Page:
Last week's post on ball lightning covered the basics -- sightings, reports and deaths chalked up to the glowing orb. But what if some of those same occurrences were really just hallucinations? While Georg Richmann, ball lightning's unlucky 18th-century victim, might still argue for his case in particular, other, less tactile sightings could prove harder to back up.
According to a recent study by Joseph Peer and Alexander Kendl at the University of Innsbruck in Austria, ball lightning might be all in your head. Their paper, which was published on a physics research Web site and covered by National Geographic News, sprang from a pattern in ball lightning sightings: Most reports come during storms with a lot of electrical activity. Lightning strikes that hit in rapid succession can form magnetic fields, something that could conceivably stimulate the human brain and result in visions.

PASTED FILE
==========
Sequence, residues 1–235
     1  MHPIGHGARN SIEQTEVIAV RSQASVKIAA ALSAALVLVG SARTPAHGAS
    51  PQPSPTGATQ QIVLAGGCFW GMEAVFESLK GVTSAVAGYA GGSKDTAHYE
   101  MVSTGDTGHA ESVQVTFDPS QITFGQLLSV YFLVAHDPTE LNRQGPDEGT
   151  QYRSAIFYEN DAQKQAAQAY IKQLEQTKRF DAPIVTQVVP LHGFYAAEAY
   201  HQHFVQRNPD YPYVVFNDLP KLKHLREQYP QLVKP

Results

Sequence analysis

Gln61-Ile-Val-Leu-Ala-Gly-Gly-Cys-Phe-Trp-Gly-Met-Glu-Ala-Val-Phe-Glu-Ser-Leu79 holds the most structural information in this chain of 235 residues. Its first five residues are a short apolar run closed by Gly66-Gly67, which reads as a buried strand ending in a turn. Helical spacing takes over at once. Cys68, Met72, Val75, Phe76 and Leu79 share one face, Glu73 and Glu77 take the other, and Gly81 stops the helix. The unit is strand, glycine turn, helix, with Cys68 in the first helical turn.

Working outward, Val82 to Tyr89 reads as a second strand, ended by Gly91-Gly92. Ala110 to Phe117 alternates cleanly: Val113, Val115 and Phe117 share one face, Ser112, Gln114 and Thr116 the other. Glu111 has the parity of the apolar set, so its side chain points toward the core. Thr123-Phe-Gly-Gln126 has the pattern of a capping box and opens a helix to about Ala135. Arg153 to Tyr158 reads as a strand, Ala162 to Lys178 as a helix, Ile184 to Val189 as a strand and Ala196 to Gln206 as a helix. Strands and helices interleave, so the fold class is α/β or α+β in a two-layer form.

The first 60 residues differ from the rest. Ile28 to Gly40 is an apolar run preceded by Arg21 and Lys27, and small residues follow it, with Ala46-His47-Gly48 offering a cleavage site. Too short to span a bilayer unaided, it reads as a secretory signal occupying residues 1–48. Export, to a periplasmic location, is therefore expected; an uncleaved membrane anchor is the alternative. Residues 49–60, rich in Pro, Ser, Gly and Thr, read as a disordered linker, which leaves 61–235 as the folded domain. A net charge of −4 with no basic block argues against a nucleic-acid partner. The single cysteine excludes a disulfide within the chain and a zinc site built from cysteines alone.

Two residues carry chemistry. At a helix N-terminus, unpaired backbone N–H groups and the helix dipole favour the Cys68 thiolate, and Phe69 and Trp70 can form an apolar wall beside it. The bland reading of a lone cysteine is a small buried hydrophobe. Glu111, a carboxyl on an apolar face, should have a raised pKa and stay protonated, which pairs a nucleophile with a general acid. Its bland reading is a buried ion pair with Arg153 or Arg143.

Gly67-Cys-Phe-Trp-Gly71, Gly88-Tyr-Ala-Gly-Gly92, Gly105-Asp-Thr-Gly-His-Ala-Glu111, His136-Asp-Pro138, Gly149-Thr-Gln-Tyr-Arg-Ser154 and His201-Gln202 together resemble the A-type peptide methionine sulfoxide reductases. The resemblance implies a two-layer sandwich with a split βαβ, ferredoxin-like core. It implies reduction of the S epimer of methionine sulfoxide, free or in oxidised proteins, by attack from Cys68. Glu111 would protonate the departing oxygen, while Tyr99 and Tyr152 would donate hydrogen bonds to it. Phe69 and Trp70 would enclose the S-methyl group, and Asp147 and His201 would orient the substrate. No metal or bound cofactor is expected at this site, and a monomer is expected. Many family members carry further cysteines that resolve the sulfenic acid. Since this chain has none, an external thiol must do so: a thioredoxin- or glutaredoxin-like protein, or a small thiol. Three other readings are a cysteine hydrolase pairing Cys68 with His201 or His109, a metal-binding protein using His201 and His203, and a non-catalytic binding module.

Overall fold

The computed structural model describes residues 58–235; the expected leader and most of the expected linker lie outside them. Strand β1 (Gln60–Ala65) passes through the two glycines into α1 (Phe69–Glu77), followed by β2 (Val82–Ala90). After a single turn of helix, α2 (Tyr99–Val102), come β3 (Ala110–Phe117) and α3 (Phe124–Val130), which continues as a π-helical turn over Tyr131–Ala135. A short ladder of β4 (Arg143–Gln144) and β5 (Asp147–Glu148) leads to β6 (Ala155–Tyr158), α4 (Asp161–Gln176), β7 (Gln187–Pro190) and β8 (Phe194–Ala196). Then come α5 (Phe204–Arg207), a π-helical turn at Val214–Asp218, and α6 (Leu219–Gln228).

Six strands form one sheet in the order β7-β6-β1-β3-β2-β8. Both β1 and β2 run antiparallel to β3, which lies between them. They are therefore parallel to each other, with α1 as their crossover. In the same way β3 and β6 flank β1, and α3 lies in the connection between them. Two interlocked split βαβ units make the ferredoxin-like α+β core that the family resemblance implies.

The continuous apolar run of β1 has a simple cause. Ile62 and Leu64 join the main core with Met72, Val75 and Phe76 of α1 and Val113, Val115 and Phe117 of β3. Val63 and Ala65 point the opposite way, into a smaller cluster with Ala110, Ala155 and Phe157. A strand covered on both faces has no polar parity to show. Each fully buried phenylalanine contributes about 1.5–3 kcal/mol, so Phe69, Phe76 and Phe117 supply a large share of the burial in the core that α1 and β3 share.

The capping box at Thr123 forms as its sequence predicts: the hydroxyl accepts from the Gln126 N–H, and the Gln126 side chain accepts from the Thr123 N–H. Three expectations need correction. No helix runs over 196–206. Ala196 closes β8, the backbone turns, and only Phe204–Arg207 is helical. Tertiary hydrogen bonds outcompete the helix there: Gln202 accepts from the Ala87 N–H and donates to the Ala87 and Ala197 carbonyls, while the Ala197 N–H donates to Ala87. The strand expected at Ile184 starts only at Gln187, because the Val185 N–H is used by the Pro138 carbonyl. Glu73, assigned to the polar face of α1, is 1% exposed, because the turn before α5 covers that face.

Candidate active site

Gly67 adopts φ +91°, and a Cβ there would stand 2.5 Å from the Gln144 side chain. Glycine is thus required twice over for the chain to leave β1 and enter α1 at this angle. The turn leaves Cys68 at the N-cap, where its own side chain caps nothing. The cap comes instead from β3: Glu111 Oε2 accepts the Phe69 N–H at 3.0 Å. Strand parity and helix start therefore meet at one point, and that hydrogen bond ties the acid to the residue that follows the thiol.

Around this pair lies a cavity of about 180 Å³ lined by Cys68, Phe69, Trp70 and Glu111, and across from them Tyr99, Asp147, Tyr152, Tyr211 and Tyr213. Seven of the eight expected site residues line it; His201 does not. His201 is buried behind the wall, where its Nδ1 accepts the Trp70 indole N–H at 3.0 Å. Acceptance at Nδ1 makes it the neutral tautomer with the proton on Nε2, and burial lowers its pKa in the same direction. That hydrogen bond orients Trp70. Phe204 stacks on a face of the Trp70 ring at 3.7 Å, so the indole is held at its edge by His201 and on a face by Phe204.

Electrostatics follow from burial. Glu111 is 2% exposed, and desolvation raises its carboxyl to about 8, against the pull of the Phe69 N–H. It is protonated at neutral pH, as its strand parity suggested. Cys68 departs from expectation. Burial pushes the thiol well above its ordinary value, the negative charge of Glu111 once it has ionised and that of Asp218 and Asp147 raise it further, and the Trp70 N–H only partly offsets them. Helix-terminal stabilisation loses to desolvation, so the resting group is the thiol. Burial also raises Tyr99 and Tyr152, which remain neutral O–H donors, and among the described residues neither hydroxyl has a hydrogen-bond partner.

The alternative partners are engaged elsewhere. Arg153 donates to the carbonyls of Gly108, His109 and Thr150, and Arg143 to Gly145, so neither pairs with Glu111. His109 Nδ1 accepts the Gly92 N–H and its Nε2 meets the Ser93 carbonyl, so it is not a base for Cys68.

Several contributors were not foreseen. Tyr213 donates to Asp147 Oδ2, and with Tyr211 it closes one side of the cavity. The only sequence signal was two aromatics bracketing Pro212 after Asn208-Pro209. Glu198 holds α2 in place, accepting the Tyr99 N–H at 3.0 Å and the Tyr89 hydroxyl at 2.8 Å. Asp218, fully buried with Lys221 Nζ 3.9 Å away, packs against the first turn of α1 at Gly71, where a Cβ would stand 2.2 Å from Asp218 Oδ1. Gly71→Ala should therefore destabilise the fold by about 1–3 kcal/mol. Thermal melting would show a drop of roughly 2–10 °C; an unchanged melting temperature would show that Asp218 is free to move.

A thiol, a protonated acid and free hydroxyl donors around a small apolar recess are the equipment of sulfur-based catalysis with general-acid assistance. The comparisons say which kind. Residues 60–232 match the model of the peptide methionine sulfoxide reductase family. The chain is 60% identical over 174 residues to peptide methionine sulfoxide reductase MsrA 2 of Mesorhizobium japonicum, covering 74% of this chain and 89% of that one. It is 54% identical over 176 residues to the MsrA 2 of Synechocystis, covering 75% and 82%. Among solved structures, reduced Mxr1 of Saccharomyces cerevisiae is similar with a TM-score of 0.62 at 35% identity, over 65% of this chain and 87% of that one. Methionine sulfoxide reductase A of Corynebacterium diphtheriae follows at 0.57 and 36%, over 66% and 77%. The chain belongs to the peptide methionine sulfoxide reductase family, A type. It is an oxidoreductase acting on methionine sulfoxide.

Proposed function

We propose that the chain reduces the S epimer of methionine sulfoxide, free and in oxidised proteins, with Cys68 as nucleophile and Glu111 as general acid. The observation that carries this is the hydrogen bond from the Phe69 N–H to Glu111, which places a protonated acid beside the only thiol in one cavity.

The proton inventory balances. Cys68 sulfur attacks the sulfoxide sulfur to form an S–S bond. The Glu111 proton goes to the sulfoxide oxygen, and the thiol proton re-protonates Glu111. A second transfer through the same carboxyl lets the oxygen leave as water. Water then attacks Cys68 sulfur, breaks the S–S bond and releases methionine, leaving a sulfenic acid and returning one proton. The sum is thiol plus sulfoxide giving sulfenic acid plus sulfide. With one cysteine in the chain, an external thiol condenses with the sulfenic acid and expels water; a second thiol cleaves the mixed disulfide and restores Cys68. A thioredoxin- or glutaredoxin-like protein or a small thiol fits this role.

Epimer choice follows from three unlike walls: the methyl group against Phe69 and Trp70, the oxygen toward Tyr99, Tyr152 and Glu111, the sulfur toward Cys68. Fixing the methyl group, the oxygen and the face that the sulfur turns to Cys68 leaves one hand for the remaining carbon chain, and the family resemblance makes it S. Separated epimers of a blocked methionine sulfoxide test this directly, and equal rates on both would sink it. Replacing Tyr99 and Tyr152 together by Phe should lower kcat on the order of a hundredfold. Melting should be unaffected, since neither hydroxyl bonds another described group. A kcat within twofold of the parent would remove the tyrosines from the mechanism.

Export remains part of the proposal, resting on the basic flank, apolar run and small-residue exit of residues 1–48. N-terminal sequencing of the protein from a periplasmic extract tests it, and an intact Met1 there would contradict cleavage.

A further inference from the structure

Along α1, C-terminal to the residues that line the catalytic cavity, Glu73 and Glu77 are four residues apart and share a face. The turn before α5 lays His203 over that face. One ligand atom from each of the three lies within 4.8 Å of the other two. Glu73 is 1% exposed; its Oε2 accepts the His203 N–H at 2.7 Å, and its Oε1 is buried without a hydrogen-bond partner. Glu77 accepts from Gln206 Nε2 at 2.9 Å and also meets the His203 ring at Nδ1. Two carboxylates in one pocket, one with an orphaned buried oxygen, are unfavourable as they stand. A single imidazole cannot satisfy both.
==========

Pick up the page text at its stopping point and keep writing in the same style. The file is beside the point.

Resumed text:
Since you can't very well place a research subject in the middle of a storm and hope he gets back to you, Peer and Kendl turned to the existing work of other scientists. Fortunately, a machine called the transcranial magnetic stimulator (TMS) is able to produce dramatic shifts in strong magnetic fields similar to lightning but without the danger. Subjects in the earlier experiments had these lab-created magnetic fields focused on their brains' visual cortex. With the power trained on the center of sight, subjects reported seeing illuminated discs and lines of white or gray that moved with the field's focus. Sounds suspiciously like ball lightning, right?
The Austrian scientists suggest that as many as 50 percent of reported sightings of ball lightning might be hallucinations -- magnetic stimulation of the brain and retina. But since other reports are coupled with non-visual stimuli like smells and sounds, or record floating orbs of orange, green or blue, it's likely that we can still consider ball lightning a legitimate, if mysterious, atmospheric phenomenon.